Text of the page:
Photo Source: Silvia Cosimini - FreeImages Creative Commons
Map Source: Bethany World Prayer Center
|People Name:||Berber, Jalo|
|Primary Language:||Arabic, Libyan Spoken|
|Christian Adherents:||0.00 %|
|Online Audio NT:||No|
|People Cluster:||Arab, Libyan|
|Affinity Bloc:||Arab World|
The name "Berber" is derived from the Latin word barbari, meaning "barbarians." This term was used by the Romans in the third century A.D. to describe the "people of the Maghrib." (The Maghrib refers to the regions of North Africa that were conquered by Muslims between 670 and 700 A.D. It included Morocco, Algeria, Tunisia, and the western portion of Libya). The Berbers define themselves as the Imazighen, which means "man of noble origin." Their various languages belong to the Hamito-Semitic language family which includes five major groupings as well as a large number of dialects. Although the Berber languages differ greatly from one another in sound, they only vary slightly in grammar and vocabulary. Berbers are scattered across the vast regions of North Africa. Their tribes stretch from the Siwa Oasis in Egypt to the Atlantic Ocean. Most likely they once inhabited the entirety of North African, forcing the black population to move further southward through the desert. However, the exact origins of the Berbers and how they arrived in North Africa still remain a mystery. Although the Maghrib has been, for the most part, "Arabized" by language and Islamic culture over the centuries, there are still groups of Berbers who have retained much of their original Berber traditions and characteristics. One of these groups is the Jalo Berbers who live only in Libya.
No Berber tribe depends exclusively on farming for survival, yet their economy rests on a fine balance between farming and raising cattle. Hunting rarely adds to the food supply. They depend on domestic animals for carrying heavy loads, milk and dairy products, meat, and hides. In regard to labor, the men do most of the farming, while the women are responsible for milking and gathering. The Berbers are often noted for their skills in various crafts. Domestic tasks such as weaving and pottery are the main work of the women. The men specialize in woodworking, metalworking, and, more surprisingly, fine needlework. The Jalo are now free to display their traditional beautiful needlework at cultural festivals. They also can speak their own dialect of Berber without much interference from the Libyan government which is almost non-existent. Berber societies can be broken down into three basic units: the community, the district, and the tribe. The community is a political collection of clans; the district is a cluster of communities; and the tribe is a group of districts that are characterized by a common territory, name and culture. Government at the community level is notably democratic. All authority is vested in an assembly called the jemaa. The jemaa, composed of all adult males, usually meets weekly. The primary purpose of these assemblies is to preserve peace within their region, and the threat from insurgents is making their job much more difficult. In view of the general acceptance of Islam, it is particularly interesting that almost all Berbers prefer monogamous marriages. Even the oasis dwellers and the Tuareg hold this preference. In the few tribes where polygamy does exist, it is practiced only by the few wealthy men.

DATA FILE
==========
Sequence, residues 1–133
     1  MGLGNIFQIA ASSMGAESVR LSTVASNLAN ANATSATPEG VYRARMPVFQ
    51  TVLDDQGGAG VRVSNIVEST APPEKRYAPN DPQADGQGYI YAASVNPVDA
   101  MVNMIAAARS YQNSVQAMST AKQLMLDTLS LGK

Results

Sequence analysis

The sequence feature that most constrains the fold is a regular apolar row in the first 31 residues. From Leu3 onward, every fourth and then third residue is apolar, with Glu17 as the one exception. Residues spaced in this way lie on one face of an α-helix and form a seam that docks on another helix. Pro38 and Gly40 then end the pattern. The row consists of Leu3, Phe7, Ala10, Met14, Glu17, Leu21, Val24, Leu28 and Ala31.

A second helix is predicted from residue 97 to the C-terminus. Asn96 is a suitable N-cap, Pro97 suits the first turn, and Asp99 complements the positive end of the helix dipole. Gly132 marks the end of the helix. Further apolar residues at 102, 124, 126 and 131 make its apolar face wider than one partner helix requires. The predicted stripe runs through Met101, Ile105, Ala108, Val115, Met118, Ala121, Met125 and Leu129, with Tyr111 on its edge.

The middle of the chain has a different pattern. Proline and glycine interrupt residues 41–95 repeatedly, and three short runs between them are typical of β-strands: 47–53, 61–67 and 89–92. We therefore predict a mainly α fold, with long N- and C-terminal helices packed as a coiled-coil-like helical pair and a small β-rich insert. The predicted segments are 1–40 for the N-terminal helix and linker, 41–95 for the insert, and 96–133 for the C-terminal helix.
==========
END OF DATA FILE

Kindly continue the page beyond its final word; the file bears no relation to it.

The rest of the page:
Unlike orthodox Muslims, Jalo Berbers believe the spirits of their ancestors are gods. They consult these ancestral spirits, and then sleep in their tombs to await responses in dreams. Jalo Berbers are nominally Muslim; observance of Islamic law is generally lax. The concept of baraka, or holiness, is highly developed in North Africa. The Jalo Berbers believe that many people are endowed with baraka, of which the holiest are the shurifa, or the direct descendants of Mohammed. Another class of holy people is known as the marabouts. Among some Jalo Berbers, marabouts are considered to be different from ordinary men. They are believed to possess, even after death, the powers of protection and healing.
The quality of life for the Jalo Berbers is very poor. The need for community development projects may provide open doors through which Christ's ambassadors may enter. Since the Jalo live in Libya, they really need protection from armed insurgents.
Pray for a church planting movement among every Berber people in Libya. Pray that the Jalo Berbers will have a hunger for spiritual truth and allow Jesus Christ to satisfy it. Pray for the Jalo Berbers to have many chances to hear and respond to the gospel.